Landon Biggs and his brother, New Jersey boys, pose for a picture during the 2018 Power in the Pines Open House and Air show on Joint Base McGuire-Dix-Lakehurst, N.J., May 6, 2018. Landon travels with his family throughout the Northeastern U.S. to watch the U.S. Army Golden Knights perform. He and his brother wear flight suits identical to the Golden Knights and dream of being on the team one day. (U.S. Air Force photo by Airman Ariel Owings) (Photo by Airman Ariel Owings)
The Gold Demonstration Team, part of the Strategic Army Corps Sport Parachute Team, pose for a photo during the Power in the Pines Open House and Airshow on Joint Base McGuire-Dix-Lakehurst, N.J., May 5, 2018. The Army Golden Knights performed two times during each day of the airshow. The first performance was a mass exit and the second was a full performance. (U.S. Air Force photo by Airman Ariel Owings) (Photo by Airman Ariel Owings)
Joint Base McGuire-Dix-Lakehurst, N.J. —
The smells of festival food fill the air as he climbs over enormous static aircraft displays. Pausing in his exploration, Landon, a 4-year-old New Jersey boy, looks up and sees them; plummeting from the sky as trails of smoke follow behind them creating red-stained spirals in the midst of the clouds.
They formed diamonds and stars in the sky with their free-falling bodies before breaking off from each other. Landon watched with wide eyes, the bright yellow parachutes explode out of their backs with a black “Go Army” flag flowing behind one of the tiny humans. He wondered who they were:
They are the U.S. Army Golden Knights.
Watching the Soldiers hit the ground, Molly Biggs, Landon’s mother, watched as her son developed a passion unlike any other: a newfound dream to become a professional parachute jumper on the Golden Knights team.
“The first time I saw them, they did a lot of tricks and I liked it a lot,” said Landon.
Coming from a military family, Biggs told Landon about her father serving in the Air Force, which kicked off his aspiration to become a pilot.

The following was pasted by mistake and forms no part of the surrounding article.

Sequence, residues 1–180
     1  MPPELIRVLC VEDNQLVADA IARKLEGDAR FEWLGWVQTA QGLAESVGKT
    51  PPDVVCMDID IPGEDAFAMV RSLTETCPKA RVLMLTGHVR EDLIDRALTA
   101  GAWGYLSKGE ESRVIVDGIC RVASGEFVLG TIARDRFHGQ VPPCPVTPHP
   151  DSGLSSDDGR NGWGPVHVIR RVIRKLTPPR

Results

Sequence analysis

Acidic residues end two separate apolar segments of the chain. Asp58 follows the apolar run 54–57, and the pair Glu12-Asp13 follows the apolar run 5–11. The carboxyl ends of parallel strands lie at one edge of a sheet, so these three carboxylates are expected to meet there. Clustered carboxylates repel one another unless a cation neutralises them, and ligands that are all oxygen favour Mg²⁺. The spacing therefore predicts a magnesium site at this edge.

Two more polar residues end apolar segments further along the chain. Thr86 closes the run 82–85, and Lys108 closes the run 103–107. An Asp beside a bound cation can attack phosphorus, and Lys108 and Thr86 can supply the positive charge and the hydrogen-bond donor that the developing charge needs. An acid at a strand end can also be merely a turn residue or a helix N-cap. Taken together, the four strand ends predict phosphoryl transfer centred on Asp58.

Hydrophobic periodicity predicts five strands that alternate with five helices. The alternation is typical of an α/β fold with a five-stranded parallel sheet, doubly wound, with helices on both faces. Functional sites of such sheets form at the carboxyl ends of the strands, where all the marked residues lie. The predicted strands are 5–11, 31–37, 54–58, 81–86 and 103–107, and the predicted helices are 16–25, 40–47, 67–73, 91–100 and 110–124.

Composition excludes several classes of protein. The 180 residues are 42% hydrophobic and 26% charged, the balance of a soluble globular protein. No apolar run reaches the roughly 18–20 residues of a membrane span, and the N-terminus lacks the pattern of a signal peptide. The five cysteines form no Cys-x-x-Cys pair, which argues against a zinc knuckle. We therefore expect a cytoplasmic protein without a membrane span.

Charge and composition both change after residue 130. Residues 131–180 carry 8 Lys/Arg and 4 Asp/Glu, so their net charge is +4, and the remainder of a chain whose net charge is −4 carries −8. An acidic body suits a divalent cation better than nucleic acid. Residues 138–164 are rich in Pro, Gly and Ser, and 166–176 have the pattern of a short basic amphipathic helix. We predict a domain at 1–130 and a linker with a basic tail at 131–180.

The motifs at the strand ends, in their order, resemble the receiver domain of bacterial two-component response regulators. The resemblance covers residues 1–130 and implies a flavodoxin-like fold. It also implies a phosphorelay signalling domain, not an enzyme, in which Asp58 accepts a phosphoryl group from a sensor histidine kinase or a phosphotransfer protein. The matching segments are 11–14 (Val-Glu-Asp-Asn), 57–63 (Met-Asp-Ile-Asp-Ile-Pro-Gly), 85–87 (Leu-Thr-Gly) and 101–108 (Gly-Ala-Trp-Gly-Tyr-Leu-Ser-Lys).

With hearts full of patriotism and a military mindset, this young family of six have been traveling the Northeast, following the U.S. Strategic Army Corp Sport Parachute Team, the “Golden Knights,” to watch the intense, high-speed demonstrations they perform.
By following the Soldiers around, Biggs wanted to show her three sons what their family has been a part of while serving in the military.
With his new dream in mind, Landon was performing his own “demonstrations.” Using the edge of the couch as the ledge of the C-31A Troopships open door, he jumps, feeling the wind on his face. He hits his target perfectly -- landing on his living room floor.
“We got home that night and Landon was jumping off of everything pretending he was with the [Golden Knights],” said Biggs. “He’s been obsessed ever since.”
Landon’s fixation sky rocketed when he met the Golden Knights Team at the 2014 Millville, New Jersey air show just a couple of months later.
He walked up to the signing booth star struck, hoping for their autographs.
“I wanted to fly planes until I met the Golden Knights,” said Landon. “Now I want to jump and fall from the sky.”
Biggs said after meeting the Golden Knights, Landon wanted to be one for the following Halloween. All she had that resembled a flight suit was black hoodie. She put an Army patch on it and called him a Golden Knight.
After relentlessly searching, Biggs found a flight suit that looked just like the Golden Knights.
Noticing 4-year-old Landon running around the Millville air show in his flight suit, U.S. Army Staff Sgt. Jennifer Espinosa, a Golden Knights team member, gave them an airborne patch to put on the tiny suit – his uniform was complete.
Now having a suit that looks just like the ones the Golden Knights wear, Landon’s dreams have come one step closer to coming true.
“He’s been a Golden Knight every Halloween since,” said Biggs.
Now seven, Landon has passed his original flight suit on to his 4-year-old brother and has a new suit that matches. Now a two-man team, Landon and his brother play pretend, turning the heads of their audience across the flightline as they hit the target on their living room floor.